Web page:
Repetition can get quite tedious, but it is our ability to routinely put energy towards an activity that leads to our eventual growth in that area. Most of us are familiar with the phrase “practice makes perfect,” but how often do we stop to really think about its meaning, or at the very least, how to practice effectively? As a new academic year begins, it is imperative that we understand that we not only need to practice, but that we need to do so in the best way possible. Practicing effectively means studying effectively, which further translates into a successful academic performance, both in grades and in retention of information.

From the 10,000-hour-rule featured in Malcolm Gladwell’s “Outliers,” to the TEDx Talk “The first 20 hours” by Josh Kaufman, it is evident that it takes time to learn anything and everything. Dedicating time towards something requires focus if you are to successfully obtain the full benefit from that time you spend. So, however much time you decide to dedicate towards practicing whatever it is you want to practice, ensure you pay your full amount of attention towards that.

Focus also goes beyond the time you spend practicing a particular skill. It permeates everything we do. All of us would like to know several languages, or be able to perform many different skills, but we should learn to start in one place and expand from there. Too often we try to take on too many different ventures at once, which only leads to adequacy in all of them at best, and complete failure in all of them at worst. If we are to become multifaceted in terms of the skills that we embody, it is imperative that we take our time with each one and move from there.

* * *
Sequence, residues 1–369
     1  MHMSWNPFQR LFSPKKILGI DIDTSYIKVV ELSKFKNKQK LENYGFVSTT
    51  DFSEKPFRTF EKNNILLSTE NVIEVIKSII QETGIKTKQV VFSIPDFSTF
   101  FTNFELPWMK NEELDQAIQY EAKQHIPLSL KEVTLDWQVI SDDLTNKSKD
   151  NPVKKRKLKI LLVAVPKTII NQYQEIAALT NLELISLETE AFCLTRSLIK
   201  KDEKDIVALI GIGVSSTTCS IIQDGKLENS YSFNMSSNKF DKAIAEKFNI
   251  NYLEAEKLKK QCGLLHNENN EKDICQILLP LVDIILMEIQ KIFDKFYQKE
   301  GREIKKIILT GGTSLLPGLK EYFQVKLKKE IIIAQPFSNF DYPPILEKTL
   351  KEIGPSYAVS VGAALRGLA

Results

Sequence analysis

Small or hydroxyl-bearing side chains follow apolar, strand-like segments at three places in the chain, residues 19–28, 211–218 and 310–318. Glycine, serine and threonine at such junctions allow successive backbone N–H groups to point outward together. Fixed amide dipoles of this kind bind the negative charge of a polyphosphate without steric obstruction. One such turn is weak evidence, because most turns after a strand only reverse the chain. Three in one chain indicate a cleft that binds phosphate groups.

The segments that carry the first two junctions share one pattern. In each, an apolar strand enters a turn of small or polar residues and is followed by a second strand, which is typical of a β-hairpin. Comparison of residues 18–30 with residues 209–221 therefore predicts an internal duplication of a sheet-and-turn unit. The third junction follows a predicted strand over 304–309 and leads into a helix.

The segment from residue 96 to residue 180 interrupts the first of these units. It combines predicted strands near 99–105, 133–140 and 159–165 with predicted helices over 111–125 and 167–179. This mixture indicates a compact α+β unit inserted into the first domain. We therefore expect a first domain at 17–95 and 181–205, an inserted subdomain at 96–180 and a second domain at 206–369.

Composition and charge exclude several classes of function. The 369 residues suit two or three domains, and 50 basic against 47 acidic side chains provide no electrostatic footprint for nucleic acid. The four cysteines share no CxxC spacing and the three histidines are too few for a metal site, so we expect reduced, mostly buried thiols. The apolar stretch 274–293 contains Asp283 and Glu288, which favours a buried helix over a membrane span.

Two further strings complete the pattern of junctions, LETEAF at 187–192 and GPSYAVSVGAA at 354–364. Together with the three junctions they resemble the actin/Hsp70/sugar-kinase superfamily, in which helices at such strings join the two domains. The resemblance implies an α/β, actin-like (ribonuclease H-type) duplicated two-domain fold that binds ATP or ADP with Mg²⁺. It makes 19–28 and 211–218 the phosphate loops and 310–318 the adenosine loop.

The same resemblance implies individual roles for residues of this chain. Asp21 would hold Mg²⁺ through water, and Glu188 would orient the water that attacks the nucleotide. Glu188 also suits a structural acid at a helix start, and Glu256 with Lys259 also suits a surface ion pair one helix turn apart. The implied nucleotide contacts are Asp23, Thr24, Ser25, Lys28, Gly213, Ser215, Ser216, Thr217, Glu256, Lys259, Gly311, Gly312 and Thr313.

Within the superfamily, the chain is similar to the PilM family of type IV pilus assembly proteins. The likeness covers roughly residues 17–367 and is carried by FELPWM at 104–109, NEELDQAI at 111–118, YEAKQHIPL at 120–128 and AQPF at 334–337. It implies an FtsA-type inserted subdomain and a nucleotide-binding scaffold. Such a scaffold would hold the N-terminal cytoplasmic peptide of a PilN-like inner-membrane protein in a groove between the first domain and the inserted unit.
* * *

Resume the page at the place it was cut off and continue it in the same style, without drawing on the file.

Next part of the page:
In an article by Ann Marie Novak, published by the University of Wisconsin, Stevens Point, Novak states, “Usually, when we try something new, something else gets less attention and sometimes gets shaky. Don’t find yourself saying, ‘But now what happened to X?’ Rather, praise the success and give it time. It may be a challenge to do two things at once for a while, but it will come, given time.”

Should you have a long list of things you would like to learn, or skills you would like to gain, first focus on one of them, learn it, then continue to spend at least some amount of time reinforcing it as you go on to learn another thing. What we do not use disappears from our memory, while what we consistently practice, even if for a little while, can be maintained and grown.

It can be overwhelming when it comes to practicing something, which is why the most important thing you can do is start. Pick what it is you want to engage in, then start by breaking that skill or objective down. By breaking it down into foundational parts, you can begin to reveal the steps you need to take in order to learn that skill.

Say you want to learn a language. The best first step is to look at all the different resources you can use to learn that language, like Youtube channels, Duolingo and related websites. The same steps can be applied to a physical skill, like learning how to do a flip — it takes several different steps that you need to complete and learn before you can begin to attempt a flip. Once you have the steps down, you can begin to attempt safely and successfully.

So, take the time necessary and focus. Make sure you start whatever it is you want to do, and break it down. It just takes time, focus and a willingness to learn.

 

Helpful TED-ed Video: https://youtu.be/f2O6mQkFiiw

 


Evan Brooks is a fourth-year Business Management major with minors in Economics and Civil and Professional Leadership. EB916132@wcupa.edu

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